Mormons Brainwashed my Friend! Help

Discussion in 'Et Cetera, Et Cetera' started by D_exal555, Nov 14, 2007.

  1. D_exal555

    D_exal555 New Member

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    I totally support freedom of religion and i've always respected Mormons: theyve always seemed hard-working, devout, and good family people.

    But now my best friend, after ordering a Book of Mormon, met with the "elders" and before I knew it he was converted and baptized (he kept it a secret from me until after the fact).

    I am so so sad because he has changed and I feel like I'm losing my friend. He never has time to see or speak to me. The "elders" and bishops are constantly dropping by his house without notice (he welcomes them, sigh). He is hyper-secretive and distant. He blows 10 percent of his GROSS salary on these people.

    They must be experts in brainwashing.

    I'm very distressed and dont know what to do.

    I couldnt find any message boards about this so I gave this place a try.

    Any help would be appreciated.
     
  2. Not_Punny

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    Ain't nothing you can DO about it. He felt something was missing in his life, and he thinks he's getting "it" with this religion, so smile and be nice to him.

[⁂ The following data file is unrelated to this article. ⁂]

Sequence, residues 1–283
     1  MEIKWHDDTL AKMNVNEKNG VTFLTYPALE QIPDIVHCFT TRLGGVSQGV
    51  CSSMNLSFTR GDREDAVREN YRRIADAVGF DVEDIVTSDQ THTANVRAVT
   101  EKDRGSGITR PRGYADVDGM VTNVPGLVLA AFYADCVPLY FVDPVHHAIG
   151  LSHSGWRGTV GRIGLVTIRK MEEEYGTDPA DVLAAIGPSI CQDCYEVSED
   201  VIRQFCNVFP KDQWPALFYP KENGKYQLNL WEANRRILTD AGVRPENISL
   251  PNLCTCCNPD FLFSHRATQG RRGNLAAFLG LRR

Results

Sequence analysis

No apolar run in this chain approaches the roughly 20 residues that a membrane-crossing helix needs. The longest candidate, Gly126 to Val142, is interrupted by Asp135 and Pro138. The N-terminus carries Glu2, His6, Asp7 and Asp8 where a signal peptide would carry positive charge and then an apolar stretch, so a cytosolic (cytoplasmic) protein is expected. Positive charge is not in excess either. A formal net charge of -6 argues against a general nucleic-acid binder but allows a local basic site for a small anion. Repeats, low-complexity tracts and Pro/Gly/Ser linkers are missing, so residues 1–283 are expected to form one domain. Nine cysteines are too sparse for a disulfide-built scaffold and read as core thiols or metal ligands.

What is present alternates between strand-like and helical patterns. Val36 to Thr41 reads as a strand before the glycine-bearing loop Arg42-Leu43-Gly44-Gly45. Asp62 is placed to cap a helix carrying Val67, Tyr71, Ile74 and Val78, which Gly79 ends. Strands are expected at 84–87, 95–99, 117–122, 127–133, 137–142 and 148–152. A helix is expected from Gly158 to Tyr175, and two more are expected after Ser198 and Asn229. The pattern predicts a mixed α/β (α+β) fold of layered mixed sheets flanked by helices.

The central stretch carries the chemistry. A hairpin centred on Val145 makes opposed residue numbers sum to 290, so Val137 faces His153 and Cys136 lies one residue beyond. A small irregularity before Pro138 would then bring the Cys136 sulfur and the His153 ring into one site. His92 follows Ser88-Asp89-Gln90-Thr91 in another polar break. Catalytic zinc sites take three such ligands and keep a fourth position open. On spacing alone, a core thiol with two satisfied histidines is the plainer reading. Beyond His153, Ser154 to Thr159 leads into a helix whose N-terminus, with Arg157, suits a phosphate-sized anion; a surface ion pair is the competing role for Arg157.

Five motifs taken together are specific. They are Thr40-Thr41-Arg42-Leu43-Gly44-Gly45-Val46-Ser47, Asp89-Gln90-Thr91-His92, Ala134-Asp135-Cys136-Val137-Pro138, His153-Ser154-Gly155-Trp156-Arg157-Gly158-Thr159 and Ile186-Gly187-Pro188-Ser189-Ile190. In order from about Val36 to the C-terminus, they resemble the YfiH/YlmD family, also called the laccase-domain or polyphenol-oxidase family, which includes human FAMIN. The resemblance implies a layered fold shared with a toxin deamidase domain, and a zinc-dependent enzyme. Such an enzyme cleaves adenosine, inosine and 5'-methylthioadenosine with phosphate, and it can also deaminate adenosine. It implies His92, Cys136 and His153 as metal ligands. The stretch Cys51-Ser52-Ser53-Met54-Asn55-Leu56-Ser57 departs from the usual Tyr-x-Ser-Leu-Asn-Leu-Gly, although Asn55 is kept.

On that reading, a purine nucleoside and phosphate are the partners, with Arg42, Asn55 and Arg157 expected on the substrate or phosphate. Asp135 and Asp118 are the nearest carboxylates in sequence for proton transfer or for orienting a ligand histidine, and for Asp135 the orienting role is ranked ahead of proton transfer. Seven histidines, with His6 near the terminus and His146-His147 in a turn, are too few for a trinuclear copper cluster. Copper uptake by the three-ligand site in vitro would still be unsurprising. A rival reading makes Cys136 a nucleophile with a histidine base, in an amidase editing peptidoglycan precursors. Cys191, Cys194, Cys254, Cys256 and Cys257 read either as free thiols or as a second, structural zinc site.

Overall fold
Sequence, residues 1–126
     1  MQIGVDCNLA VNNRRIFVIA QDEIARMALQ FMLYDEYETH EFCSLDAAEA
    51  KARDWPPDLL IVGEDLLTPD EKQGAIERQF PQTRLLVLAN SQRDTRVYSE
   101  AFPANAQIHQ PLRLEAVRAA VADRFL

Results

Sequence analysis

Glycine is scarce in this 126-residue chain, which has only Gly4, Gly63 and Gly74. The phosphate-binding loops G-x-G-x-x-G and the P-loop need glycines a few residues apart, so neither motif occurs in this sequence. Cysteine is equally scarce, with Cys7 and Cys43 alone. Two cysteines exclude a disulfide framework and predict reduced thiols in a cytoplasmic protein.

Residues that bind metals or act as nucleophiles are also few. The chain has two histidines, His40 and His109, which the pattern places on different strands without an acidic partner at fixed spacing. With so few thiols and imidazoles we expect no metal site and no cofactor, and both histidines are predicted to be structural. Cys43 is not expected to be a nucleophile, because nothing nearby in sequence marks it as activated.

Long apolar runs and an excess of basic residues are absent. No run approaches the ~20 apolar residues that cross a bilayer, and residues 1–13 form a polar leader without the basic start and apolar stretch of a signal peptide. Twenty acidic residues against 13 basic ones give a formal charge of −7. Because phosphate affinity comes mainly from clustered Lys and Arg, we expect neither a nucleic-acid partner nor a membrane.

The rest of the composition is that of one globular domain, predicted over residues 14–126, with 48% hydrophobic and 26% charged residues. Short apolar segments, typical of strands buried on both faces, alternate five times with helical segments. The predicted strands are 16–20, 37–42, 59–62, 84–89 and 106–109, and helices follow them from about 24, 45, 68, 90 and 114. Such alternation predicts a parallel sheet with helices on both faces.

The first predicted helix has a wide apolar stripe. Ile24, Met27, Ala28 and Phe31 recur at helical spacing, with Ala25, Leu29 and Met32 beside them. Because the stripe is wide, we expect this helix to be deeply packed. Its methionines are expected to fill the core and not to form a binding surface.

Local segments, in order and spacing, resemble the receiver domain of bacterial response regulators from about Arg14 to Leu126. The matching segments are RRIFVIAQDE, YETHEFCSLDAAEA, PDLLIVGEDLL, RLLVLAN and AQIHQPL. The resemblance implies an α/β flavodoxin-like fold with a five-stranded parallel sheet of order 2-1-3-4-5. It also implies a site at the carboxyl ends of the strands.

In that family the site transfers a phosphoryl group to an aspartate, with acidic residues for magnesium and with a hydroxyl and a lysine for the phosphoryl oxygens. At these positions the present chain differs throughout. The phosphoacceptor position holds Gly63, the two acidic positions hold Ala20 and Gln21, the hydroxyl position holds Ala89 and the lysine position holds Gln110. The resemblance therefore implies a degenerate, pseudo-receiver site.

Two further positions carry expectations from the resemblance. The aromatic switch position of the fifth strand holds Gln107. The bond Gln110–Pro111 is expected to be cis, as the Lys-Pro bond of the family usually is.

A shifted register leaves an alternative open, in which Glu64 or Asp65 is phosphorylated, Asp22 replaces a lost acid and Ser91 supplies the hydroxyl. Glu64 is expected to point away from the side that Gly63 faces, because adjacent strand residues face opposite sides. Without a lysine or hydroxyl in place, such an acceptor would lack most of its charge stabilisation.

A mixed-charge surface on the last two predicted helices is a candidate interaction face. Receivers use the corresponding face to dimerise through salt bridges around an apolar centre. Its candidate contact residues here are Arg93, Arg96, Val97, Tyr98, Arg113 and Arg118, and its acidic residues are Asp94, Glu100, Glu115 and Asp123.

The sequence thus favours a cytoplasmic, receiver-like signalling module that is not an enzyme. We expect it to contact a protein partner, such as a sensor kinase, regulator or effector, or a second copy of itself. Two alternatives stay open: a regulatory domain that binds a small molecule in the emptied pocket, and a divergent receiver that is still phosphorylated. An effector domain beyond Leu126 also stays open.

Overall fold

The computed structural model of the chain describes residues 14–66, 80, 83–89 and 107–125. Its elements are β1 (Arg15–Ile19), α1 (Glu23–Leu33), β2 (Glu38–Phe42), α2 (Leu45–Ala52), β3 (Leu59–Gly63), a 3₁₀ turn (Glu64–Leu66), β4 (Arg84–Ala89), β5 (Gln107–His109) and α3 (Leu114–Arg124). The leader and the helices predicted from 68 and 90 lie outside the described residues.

Be there for him if he ever changes his mind, but I'd get a new best friend if I were you.
     
  3. Meniscus

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    Are you distressed because you've lost a friend or is there something else about what he's doing that worries you?

    I'm not particularly knowledgeable about Latter-day Saints (LDS), but I do have a M.A. in religious studies and I have some knowledge of "new religious movements" so I will try to help.

    First of all, the concepts of "brainwashing" and "mind-control" are very controversial. It has never been proven that it's possible to "brainwash" someone. So my first piece of advice is to discard the belief that your friend has been brainwashed. You have no proof and if you approach him with that belief in mind, you're likely to come across as being condescending and disrespectful, and that will only alienate him further.

    In the United States, most people "compartmentalize" religion. That is, we regard religion as separate from other areas of our lives such as work, hobbies, entertainment, travel, family, etc. In a sense, many of us are only religious for a few hours on the Sabbath and on religious holidays.